GARRIOCH: The bottom line will be a huge hit if capacity limits are not lifted in Canada

“All parties involved want these matches to be well attended.”

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There will be fans in the Saddledome when the Calgary Flames host the Ottawa Senators Thursday night.

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It’s a rare sight in an NHL track in Canada these days.

Ticket sales in Calgary, Edmonton and Vancouver are limited to 50 percent of the provincial governments of Alberta and British Columbia, which is better than the alternative because the senators, the Toronto Maple Leafs, Montreal Canadiens and Winnipeg Jets are not allowed to have any fans. .

As a result of the boundaries due to the proliferation of the Omicron variant of COVID-19, the NHL began postponing several games in Canada last month, with owners and players trying to avoid a huge hit financially after playing last season in empty ice rinks.

Forgive the owners and players if they thought the days of empty ice rinks or capacity constraints were behind them. They were happy to complete a 56-game program last season, but did not enjoy the fact that there was little or no atmosphere, even with fake audience noise and loud music.

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Both sides are still paying the price for playing during the pandemic, hoping this season would help get them back on the road to economic recovery. Everything looked good until a month ago, and now it feels as if the clock has been turned back.

The bottom line is, somehow, that the restrictions in Canada will be a big hit for Hockey Related Revenues, which the owners and players share 50/50, so the NHL is essentially trying to soften the blow for both sides.

That’s why we’re seen postponements in Canada.

“A big part of it is business reasons,” Ottawa-based attorney Andy Scott, an agent at Octagon Hockey, said Tuesday. “You have the concept of hockey-related revenue and it is to everyone’s advantage to ensure this season that there is significant growth in HRR.

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“Everyone involved wants these matches to be well attended. Everyone wants us to come out of this latest wave of COVID-19 so that, first and foremost, it can be safe for everyone and so that these games can lead to revenue that will be part of the HRR calculation at the end of the season. “

If you’re wondering what constitutes HRR, it’s money that comes from ticket sales, concessions, parking, merchandise and broadcast revenue. If more than 50 percent of HRR goes to the players, then they must make up for the shortfall by paying the owners back from the block.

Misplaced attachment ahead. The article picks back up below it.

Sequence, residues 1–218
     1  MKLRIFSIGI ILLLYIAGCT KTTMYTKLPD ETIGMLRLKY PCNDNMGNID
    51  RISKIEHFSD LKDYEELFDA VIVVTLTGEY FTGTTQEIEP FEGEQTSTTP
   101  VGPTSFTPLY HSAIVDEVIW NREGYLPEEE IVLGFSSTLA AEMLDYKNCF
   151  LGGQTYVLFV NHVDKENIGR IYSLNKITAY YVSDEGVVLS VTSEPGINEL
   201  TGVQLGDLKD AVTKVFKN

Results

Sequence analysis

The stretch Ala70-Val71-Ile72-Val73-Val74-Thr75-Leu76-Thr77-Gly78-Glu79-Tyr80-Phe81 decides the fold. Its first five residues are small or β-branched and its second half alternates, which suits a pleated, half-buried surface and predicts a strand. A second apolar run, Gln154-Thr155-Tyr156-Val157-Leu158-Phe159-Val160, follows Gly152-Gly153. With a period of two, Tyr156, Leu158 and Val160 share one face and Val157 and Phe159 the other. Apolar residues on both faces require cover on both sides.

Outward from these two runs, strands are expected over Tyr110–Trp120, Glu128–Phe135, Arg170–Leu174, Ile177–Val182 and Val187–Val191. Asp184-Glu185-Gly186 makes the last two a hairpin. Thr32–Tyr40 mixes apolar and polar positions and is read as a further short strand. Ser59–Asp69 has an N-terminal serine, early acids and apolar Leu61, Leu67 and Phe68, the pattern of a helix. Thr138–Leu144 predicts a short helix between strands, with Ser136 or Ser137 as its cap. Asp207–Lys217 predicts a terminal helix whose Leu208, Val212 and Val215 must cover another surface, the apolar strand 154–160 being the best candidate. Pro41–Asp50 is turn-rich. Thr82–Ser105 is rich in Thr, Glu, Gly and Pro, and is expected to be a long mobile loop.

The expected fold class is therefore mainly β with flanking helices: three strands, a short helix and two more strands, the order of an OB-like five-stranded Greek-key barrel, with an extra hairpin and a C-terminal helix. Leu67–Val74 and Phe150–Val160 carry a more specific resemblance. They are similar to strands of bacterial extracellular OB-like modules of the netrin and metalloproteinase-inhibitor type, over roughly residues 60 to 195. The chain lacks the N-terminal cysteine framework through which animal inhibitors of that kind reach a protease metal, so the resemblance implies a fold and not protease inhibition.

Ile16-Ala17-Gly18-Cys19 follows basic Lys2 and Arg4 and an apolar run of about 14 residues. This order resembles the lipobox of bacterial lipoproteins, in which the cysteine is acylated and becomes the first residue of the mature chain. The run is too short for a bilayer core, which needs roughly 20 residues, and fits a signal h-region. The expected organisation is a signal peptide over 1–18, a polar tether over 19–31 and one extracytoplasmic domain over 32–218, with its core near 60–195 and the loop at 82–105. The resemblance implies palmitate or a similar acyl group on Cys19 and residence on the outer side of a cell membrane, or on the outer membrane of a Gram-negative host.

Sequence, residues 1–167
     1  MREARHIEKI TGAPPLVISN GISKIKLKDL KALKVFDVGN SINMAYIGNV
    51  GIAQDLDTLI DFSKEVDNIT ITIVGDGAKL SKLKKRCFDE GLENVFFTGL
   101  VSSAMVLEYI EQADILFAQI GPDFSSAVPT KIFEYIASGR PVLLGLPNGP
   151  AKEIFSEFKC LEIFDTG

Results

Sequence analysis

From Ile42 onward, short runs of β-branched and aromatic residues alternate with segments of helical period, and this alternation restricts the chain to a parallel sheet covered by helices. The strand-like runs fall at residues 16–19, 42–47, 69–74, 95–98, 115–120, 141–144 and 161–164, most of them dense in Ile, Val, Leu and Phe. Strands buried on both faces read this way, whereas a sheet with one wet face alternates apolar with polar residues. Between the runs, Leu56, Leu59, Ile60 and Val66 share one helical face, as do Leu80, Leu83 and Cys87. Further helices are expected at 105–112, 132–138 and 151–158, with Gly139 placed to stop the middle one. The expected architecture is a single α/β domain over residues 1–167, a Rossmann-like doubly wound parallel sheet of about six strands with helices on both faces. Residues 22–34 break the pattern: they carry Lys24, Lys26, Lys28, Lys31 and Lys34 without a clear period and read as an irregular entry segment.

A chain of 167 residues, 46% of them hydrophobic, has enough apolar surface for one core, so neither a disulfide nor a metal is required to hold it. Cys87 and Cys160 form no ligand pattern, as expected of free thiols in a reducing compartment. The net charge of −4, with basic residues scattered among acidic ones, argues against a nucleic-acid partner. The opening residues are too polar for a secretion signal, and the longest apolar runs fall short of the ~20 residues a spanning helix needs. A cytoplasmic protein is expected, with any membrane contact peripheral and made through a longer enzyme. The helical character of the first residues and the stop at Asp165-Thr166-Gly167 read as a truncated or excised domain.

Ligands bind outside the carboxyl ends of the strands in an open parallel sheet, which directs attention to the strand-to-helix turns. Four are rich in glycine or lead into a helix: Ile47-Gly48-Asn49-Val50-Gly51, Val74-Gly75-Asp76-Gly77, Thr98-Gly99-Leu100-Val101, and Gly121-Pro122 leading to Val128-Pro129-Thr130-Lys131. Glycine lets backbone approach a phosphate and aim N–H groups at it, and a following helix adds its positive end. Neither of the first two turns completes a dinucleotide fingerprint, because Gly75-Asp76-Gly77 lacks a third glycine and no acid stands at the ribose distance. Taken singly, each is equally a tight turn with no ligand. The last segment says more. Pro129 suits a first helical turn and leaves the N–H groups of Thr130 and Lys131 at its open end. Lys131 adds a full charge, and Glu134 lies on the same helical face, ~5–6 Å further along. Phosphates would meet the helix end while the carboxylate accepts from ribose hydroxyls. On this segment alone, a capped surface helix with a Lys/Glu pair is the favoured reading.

Players are already repaying a debt of between $ 950 million to $ 1 billion from last season.

This is the main reason why neither the owners nor the players have objected to postponed matches in Canada. The Habs, for example, have not played in the Bell Center since scoring a 3-2 shootout victory over the Philadelphia Flyers on December 16th.

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Five Habs home games this month will be rescheduled, and right now they are not scheduled to play in Montreal before starting a four-game home game against the Anaheim Ducks on January 27th.

Although Flames, Oilers and Canucks are allowed at half capacity, fans must wear masks and cannot buy food or drink. This means that the only real revenue stream comes from ticket sales and these will decrease significantly due to margins.

“If you look at HRR in the CBA, it takes up almost 20 pages, but it basically boils down to all the sources of revenue related to playing NHL games and events,” Scott said. “Compared to other leagues, the NHL has a larger share of their total revenue attributed to the playback of those games and especially the gate receipts.

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“It’s really important for these games to be played with as many fans in the seats as possible. Having these games played without fans does nothing for the owners who have to put the games on, and it does very little for the players because the HRR number is very important to them.

“It’s important for everyone to understand that it’s in everyone’s interest for these games to start when the government removes these restrictions.”

The NHL was able to buy itself time with the schedule by not taking a three-week break in February to allow players to participate in the Winter Olympics in Beijing. Many of the 104 matches that have been postponed will be played during that month.

The league hopes the variant by the end of the month will have peaked and fans will be able to return to every skating rink in Canada.

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It must be difficult for owners, general managers and players in Canada to watch games in the US and see the arenas full.

“It’s extremely frustrating for the players, and talking to some general managers over the last few weeks is frustrating for them,” Scott said. “The protocols take their toll, and so from a player’s point of view, players are very used to a cadence in the season.

“And they’re completely out of that cadence and they know they’ll be hit by a barrage of matches when they get the schedule changed. The players we have on Canadian teams are just preparing for that. When we get through February and March, we will be able to see what impact it all has on HRR. There will be an impact, I’m just not sure how big.

bgarrioch@postmedia.com

Twitter: @sungarrioch

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